Over time, I have discovered trails that are best for birding when the high winds are ripping from different directions. It seems when there is a strong Southwest wind, Cuckhold's Cove is fairly-well sheltered, making it an ideal spot on blustery days.
This trail not only offers shelter, but there always seem to be a good variety of birds in the area. This week I found my first female Blackpoll. She and a male were busily collecting flies, so it is likely there are babies in a nest there.
As Bruce M. mentioned in his Telegram article last week, Cedar Waxwings can be very quiet and obscure. This is certainly the case with a small flock that has gathered in the area of the trail. There is no indication they are there; and then, they just appear.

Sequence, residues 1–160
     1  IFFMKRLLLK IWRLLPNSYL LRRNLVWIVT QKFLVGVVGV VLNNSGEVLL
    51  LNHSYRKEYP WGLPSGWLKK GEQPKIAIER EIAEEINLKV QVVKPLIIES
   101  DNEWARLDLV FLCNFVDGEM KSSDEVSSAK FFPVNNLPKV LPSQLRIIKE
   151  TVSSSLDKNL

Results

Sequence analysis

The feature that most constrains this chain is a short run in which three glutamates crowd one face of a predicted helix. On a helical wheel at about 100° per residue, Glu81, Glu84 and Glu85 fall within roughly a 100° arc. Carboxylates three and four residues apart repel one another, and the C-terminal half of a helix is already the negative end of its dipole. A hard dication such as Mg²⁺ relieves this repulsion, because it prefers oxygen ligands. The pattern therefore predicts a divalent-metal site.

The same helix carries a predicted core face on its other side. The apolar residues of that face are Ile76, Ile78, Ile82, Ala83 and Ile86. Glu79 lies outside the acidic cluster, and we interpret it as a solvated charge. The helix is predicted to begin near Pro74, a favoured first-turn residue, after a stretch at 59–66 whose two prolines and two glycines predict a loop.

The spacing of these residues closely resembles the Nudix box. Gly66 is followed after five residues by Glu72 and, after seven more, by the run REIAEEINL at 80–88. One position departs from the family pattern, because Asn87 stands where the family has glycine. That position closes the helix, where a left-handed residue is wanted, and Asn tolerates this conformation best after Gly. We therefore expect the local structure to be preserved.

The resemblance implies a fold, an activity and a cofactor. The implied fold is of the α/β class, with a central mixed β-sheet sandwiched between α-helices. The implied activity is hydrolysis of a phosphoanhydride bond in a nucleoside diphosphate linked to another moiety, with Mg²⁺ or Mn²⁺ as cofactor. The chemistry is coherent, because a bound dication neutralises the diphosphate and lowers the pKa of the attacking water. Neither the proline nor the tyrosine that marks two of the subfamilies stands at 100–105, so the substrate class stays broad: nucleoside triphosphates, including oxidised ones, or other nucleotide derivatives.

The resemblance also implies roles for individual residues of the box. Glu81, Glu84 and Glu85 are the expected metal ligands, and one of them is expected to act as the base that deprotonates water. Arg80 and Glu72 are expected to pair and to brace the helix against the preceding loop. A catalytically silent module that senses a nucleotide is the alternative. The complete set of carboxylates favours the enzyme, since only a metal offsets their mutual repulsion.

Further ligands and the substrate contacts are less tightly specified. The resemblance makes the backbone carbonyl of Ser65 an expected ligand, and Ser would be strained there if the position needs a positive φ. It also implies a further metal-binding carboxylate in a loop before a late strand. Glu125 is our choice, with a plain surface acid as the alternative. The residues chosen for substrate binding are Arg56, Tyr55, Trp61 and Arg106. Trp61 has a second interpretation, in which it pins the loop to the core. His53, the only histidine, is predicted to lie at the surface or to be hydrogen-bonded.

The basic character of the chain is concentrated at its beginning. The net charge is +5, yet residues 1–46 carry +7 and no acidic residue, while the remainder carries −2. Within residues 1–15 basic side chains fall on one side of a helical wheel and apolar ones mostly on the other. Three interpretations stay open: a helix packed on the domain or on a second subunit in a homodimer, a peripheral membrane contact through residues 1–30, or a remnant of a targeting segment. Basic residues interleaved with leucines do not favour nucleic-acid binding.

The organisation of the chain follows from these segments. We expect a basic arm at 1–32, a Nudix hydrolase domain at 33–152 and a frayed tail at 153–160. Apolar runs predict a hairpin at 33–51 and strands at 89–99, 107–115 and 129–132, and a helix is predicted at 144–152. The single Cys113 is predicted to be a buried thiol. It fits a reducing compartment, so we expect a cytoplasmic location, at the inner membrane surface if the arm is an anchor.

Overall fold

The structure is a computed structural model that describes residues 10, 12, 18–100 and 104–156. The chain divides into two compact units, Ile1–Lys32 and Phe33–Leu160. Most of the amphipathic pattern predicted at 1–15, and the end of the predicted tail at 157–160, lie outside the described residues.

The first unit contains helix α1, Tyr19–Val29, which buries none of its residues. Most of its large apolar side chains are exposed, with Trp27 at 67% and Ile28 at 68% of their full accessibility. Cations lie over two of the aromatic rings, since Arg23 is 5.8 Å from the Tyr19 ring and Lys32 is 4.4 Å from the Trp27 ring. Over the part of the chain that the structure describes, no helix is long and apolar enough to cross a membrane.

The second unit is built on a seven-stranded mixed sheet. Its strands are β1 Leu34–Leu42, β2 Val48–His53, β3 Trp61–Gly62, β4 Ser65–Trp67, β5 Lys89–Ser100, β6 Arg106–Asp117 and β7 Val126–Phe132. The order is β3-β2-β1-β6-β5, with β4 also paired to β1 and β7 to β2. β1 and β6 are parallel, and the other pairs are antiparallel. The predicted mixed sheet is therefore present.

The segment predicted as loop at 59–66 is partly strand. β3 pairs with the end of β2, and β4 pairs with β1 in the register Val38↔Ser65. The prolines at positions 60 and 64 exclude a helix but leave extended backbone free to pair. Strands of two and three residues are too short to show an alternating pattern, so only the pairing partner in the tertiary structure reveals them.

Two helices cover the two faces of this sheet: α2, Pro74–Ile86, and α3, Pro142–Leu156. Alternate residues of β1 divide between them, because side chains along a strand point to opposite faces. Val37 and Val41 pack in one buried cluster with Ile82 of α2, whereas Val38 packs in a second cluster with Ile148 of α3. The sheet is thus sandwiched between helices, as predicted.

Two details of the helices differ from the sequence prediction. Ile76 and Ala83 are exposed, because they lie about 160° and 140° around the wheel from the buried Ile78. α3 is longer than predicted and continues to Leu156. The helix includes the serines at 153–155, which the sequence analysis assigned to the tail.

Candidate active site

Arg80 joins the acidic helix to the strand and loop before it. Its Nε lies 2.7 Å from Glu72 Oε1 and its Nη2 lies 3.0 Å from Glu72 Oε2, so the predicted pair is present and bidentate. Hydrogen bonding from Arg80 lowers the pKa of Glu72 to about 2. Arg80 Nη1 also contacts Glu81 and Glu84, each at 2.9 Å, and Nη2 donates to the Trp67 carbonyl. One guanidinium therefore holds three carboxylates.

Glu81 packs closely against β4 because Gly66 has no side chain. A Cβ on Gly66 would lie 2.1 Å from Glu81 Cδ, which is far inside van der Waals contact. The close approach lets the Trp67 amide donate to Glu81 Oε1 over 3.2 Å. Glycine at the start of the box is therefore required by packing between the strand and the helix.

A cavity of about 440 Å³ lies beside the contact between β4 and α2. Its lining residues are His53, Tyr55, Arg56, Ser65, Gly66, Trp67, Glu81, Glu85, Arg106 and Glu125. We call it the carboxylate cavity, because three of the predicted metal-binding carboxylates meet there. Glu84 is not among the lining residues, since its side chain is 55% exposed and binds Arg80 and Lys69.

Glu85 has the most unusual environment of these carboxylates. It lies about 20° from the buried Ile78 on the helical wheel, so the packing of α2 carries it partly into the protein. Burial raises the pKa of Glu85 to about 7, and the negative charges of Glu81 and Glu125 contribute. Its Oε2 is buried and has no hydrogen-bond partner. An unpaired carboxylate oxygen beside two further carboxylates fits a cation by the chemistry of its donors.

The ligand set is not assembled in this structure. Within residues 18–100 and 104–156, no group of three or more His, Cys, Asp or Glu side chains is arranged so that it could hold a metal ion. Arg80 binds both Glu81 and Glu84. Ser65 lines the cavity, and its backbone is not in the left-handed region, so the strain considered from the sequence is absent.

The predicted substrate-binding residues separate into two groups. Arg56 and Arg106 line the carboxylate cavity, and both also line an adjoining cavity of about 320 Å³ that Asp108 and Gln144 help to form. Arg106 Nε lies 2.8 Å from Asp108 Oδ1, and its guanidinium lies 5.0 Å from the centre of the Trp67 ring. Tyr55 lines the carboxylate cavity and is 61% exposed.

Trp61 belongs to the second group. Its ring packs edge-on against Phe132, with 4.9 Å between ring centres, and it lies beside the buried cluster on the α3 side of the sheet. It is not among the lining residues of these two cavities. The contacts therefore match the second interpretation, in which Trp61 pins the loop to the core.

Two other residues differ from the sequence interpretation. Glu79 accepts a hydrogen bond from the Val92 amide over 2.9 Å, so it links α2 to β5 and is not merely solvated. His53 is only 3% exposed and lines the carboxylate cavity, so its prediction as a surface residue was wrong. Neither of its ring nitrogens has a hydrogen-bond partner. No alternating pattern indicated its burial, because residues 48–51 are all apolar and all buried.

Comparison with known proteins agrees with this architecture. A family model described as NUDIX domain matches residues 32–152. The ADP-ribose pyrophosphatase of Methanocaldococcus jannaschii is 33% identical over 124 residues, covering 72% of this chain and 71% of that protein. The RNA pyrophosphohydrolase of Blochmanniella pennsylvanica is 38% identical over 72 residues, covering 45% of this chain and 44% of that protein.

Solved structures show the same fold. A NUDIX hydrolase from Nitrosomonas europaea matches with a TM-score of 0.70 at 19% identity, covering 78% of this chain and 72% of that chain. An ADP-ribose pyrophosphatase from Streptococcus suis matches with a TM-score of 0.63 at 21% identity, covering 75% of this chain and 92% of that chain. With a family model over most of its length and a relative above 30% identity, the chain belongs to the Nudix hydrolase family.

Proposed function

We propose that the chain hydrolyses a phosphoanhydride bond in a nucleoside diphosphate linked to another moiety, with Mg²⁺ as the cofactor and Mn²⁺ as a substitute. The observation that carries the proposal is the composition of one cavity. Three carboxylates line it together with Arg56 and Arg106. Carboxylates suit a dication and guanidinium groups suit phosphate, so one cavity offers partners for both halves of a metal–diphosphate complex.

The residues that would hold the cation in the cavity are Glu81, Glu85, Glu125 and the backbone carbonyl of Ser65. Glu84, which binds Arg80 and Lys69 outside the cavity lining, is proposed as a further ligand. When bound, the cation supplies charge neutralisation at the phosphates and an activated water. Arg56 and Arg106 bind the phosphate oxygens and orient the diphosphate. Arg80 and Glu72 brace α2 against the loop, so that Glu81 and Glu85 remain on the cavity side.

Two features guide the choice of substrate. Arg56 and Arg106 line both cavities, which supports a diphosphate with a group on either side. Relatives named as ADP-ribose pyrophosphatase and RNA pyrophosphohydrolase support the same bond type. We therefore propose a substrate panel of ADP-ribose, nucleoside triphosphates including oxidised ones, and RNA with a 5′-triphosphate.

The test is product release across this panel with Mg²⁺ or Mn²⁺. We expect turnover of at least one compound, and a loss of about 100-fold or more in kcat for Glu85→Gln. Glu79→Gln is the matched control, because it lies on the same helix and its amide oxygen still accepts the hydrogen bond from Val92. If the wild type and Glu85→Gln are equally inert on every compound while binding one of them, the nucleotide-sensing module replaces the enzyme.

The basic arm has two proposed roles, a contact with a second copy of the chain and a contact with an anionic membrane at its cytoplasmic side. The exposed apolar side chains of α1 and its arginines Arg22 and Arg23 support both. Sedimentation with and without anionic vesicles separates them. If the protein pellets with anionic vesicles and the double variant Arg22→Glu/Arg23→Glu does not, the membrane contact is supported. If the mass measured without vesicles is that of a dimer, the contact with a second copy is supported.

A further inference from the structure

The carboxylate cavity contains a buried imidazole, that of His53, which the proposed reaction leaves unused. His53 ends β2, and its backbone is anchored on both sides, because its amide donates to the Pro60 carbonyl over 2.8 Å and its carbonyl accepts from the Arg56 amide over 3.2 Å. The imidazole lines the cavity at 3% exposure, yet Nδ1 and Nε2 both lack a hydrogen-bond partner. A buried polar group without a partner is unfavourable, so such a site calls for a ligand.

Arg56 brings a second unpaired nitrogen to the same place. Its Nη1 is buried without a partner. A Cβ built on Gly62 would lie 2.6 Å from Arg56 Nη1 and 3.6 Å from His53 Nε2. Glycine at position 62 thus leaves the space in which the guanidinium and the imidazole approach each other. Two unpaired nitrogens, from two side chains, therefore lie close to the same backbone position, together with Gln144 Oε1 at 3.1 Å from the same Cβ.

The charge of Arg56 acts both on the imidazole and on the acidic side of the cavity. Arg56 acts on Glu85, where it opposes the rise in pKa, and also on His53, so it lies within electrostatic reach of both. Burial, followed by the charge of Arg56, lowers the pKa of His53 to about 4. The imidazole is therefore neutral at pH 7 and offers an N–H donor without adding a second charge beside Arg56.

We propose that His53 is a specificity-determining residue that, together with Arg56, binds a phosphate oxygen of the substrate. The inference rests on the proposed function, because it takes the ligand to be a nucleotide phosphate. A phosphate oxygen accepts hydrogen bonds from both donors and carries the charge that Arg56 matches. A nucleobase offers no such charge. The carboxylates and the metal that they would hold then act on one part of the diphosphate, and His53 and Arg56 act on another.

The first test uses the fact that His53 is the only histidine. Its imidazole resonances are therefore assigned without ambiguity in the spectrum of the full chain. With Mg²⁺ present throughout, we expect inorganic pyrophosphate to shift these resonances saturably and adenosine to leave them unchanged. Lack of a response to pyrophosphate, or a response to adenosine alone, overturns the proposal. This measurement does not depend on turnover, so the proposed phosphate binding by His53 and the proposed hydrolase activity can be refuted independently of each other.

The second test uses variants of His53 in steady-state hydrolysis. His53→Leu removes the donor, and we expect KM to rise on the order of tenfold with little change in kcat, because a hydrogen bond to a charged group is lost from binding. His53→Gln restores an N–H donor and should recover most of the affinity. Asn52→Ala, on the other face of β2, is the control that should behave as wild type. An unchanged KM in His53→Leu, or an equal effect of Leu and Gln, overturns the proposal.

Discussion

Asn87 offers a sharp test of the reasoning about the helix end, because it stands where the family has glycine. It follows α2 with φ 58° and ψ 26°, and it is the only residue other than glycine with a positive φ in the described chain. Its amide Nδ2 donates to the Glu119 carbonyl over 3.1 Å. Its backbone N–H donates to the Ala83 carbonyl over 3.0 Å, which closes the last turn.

Sparrows of all the common species sing loudly along the trail. Look hard enough, and it is possible to find a Fox or a White-throated Sparrow sitting high atop a tree bellowing out its favorite tune. The Swamp Sparrow stays much lower and is not as easy to spot.
Yellow Warbler are the most abundant species in this area for now. With time, this will shift and another type of warbler will take center stage. There has been a Minke Whale swimming in the cove just below the first lookout. In the same area, I have seen Black Guillemot flying to and from the cliff face. Perhaps, they are nesting there. Then, of course, there is the nesting Bald Eagle. Along the trail, there is frog song from a hidden pond. There is always something to see in this area, and my granddaughter and I were richly rewarded during our long climb up!
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